This year, 5,775 photojournalists from 128 countries submitted a total of 82,951 images to the 59th World Press Photo contest.
Located on the sixth floor of Smith and Caughey’s in central Auckland, the exhibition showcases the best press images from 2015. Offering a striking image of the world we live in, the General News category was dominated by photos from the refugee crisis. The war in Syria, the Paris attacks in January and November, and the clashes between the police and civilians in the United States have all been captured and showcased.
From those who came before like the alumni of Magnum Photos, to the men and women currently in the field, the role of the photojournalists has always been about presenting the most compelling stories. They always did say that an image is worth a thousand words.
Of course, not all images are of doom and gloom – from images of a Buddhist gathering to beautiful whales and orangutans to the superstars of Senegalese wrestling – the exhibition boasts a collection of the best news images of 2015.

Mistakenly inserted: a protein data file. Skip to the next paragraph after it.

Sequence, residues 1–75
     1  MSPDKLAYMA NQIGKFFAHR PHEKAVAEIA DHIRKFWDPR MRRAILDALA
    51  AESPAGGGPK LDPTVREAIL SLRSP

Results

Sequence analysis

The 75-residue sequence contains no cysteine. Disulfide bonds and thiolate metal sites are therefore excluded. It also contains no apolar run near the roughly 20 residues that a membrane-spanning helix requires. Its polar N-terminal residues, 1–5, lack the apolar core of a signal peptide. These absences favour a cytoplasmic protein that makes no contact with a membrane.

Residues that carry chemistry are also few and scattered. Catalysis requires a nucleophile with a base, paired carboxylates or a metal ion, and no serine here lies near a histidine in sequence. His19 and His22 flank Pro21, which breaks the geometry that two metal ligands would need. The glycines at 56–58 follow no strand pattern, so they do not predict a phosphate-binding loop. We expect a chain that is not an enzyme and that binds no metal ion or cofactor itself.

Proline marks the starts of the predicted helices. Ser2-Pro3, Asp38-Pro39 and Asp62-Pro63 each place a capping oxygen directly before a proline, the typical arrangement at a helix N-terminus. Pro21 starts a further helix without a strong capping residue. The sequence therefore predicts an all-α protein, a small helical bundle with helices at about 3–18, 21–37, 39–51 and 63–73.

Yet the sad fact of reality is we are constantly faced with terrible stories told, often, by those who have very little chance of getting out of their situation. And it’s at that moment where these works are most required.
So when we come face to face with images of those people who have been terrorised, up-rooted from their homes, and their lives torn asunder by such evil that plagues our world, we wouldn’t simply dismiss their plight. When we’re faced with these images, they become the most damning evidence against those who would simply want to turn a blind eye.
I fully encourage you to go and take a look. It’s certainly an eye-opener, but you’ll be better off seeing both the good and the bad, than nothing at all.
Here are a few images from the exhibition.
Who: “World Press Photo Exhibition”
Where: Smith and Caughey’s Level 6
Dates: 2nd – 24th July 2016
Show Times: 9.30am to 6.30pm Mon – Wed | 9.30am to 9.00pm Thurs – Fri | 10.00am to 6.30pm Sat | 10.30am to 6.00pm Sun
Tickets: $10 – $15. Book tickets here.